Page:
The hallways of St. Paul's Ramsey Middle School on Wednesday were once again filled with teachers and young people.
Though class was not in session, the day offered its own lesson about the power of community.
About three dozen volunteers spent the morning at the school, packing bags of groceries for 115 families around St. Paul.
Tucked alongside the eggs, meat and pasta were neatly packed holiday treats — hot cocoa, candy canes and a wide variety of cookies.
Over the past several days, about a dozen neighbors who live near the school helped make more than 800 cookies to ensure that no student would spend holiday break without a special gift, baked with care.
"It's been so amazing to see this community step up," said Alicia Ekegren, a health and physical education teacher at Ramsey.
Ekegren started the community pantry in March, at the start of the pandemic. Back then, she and a few other teachers were collecting items in their own homes and vehicles and delivering them based on the needs they heard from their students.
Those needs continued to grow, particularly at the end of May, when area grocery stores were shuttered by the riots after George Floyd's killing.
The pantry moved into the school building, where two classrooms are filled with stacks of canned goods, diapers and cleaning products. Meat, dairy products and produce are sourced mostly from area food banks.
Each week, volunteers — including several Ramsey teachers — help deliver the bags to families.
"I never knew it was going to grow this big," Ekegren said. She often spends more than 20 hours a week stocking, organizing and running the pantry.
This week, she spent extra time making and writing notes on little packages of treats.
"It's all about these kids — this is our passion," she said. "And there is such a need. We can't stop."
John Gallagher, a sixth-grade English teacher at Ramsey, has been helping Ekegren with the pantry since its start.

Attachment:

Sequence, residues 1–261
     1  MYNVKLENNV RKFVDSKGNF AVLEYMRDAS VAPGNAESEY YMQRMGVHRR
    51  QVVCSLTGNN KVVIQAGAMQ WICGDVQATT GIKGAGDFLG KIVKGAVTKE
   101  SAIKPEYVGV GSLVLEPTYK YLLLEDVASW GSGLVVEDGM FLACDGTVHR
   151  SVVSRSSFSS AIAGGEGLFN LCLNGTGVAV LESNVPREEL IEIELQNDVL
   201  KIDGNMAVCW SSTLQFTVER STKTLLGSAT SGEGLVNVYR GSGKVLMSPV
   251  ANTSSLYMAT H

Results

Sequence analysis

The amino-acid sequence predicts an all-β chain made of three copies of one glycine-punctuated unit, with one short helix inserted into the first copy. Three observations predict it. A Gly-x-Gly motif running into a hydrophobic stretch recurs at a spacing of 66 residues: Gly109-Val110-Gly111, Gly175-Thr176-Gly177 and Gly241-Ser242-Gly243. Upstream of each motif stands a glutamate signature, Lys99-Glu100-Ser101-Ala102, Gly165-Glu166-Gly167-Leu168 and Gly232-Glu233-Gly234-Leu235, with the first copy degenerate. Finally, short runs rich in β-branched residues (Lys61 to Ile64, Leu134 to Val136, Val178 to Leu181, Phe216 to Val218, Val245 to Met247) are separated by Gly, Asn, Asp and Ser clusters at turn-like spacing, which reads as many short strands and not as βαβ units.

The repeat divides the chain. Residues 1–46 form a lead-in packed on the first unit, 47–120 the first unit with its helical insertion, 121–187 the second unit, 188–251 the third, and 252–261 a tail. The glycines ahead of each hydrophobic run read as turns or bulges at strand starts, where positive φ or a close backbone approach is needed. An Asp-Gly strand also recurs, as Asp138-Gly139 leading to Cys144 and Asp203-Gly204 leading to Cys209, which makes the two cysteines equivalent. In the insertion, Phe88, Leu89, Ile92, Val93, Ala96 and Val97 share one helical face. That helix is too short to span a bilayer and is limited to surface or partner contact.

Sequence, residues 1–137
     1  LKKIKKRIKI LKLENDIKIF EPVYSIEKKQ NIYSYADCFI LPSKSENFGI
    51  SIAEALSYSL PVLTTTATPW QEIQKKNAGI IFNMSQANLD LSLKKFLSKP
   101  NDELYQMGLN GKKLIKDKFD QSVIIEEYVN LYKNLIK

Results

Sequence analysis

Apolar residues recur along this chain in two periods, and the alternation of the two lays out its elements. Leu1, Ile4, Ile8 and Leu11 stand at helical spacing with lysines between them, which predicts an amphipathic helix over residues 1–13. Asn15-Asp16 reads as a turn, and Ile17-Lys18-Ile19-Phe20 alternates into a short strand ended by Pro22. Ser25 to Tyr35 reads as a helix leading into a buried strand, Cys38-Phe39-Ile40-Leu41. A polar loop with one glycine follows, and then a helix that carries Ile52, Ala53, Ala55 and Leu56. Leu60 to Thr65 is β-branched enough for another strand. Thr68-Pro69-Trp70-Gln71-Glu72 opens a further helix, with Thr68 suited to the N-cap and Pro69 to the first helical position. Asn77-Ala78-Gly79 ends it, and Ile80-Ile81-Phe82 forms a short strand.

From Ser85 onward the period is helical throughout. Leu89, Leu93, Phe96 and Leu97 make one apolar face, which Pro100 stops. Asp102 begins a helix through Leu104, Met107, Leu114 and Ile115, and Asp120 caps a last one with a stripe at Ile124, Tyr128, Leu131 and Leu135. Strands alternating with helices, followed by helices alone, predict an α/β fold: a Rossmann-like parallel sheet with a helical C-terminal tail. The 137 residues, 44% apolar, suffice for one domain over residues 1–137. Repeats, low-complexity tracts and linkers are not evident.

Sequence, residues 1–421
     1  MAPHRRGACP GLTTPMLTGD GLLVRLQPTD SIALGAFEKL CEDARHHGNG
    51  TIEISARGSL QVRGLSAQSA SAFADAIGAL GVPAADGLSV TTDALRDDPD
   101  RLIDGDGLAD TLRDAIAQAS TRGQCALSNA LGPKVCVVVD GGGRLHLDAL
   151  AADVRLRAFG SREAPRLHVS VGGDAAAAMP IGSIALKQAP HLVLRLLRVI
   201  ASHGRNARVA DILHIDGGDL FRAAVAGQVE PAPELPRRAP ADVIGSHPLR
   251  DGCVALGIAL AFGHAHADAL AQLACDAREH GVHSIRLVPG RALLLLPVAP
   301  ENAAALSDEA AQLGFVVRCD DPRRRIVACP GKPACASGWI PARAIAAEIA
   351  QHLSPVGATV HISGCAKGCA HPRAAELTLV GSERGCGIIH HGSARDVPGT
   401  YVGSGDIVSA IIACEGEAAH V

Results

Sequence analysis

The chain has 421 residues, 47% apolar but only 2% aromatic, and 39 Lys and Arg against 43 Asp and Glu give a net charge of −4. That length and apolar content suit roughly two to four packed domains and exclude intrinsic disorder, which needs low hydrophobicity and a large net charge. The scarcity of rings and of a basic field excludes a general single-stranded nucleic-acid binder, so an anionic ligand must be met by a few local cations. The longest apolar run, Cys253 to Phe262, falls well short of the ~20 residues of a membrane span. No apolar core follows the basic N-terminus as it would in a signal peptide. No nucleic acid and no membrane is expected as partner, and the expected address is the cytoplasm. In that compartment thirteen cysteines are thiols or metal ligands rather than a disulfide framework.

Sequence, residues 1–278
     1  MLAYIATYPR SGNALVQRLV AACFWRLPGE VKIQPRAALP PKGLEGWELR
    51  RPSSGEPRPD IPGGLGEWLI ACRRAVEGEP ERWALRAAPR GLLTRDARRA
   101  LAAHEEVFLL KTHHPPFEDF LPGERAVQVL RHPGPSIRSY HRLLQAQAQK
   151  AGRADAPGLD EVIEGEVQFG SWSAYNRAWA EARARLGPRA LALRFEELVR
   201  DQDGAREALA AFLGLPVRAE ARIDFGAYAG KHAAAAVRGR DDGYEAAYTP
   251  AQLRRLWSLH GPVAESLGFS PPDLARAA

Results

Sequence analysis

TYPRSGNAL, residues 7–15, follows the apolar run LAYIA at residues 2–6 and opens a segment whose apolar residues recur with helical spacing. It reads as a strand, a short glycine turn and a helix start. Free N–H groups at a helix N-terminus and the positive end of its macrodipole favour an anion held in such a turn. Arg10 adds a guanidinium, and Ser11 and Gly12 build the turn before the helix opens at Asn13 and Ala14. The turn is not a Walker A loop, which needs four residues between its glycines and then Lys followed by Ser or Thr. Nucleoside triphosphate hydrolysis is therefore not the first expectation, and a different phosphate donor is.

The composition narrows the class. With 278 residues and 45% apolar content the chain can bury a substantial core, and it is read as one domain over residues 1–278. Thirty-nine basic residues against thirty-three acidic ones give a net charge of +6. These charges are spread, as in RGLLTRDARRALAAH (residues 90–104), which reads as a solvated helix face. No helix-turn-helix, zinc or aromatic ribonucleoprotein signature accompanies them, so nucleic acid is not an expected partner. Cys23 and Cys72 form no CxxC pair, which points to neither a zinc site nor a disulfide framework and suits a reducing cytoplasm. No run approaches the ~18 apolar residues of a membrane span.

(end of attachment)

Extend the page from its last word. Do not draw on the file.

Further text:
Before the pandemic, Gallagher knew many of his students faced struggles at home and depended on the meals served at the schools; about 60% of the school's students qualify for free and reduced lunches.
Through a federal program, schools are still offering free meals to all students, regardless of income level. But the Ramsey pantry can supplement that and serve the whole family — the bags are filled with items tailored to specific needs, Gallagher said.
"This is a lot more personable than standing in line at a food shelf," he said. And being able to deliver to his students offers the chance to connect beyond a screen.
"This year has been really hard for teachers," Gallagher said. "We're seeing and hearing so much more about our students' lives at home. This is a way we can really do something for them."
Former Ramsey students — now in high school — have stepped in to support the pantry, as have retired teachers, Macalester College students and even a girl's hockey team from Woodbury.
"A lot of people are looking for ways to help out right now," said Hailey Choinski, a 16-year-old at Central High School who spent her Wednesday morning loading up bags of groceries for delivery. "This is such a relatable thing — everyone needs groceries."
Ruth Mackenzie, who lives near the school, has been volunteering at the pantry for months.
She noticed the bags were always filled with a variety of staple items, but she couldn't help but think about the students who might be craving some holiday sweets this week.
It didn't take long to organize her prolific "baking brigade," she said.
On Wednesday, she looked down the hallway lined with bags and bags of packed groceries and goodies.
"What an incredible thing," she said.
Mara Klecker • 612-673-4440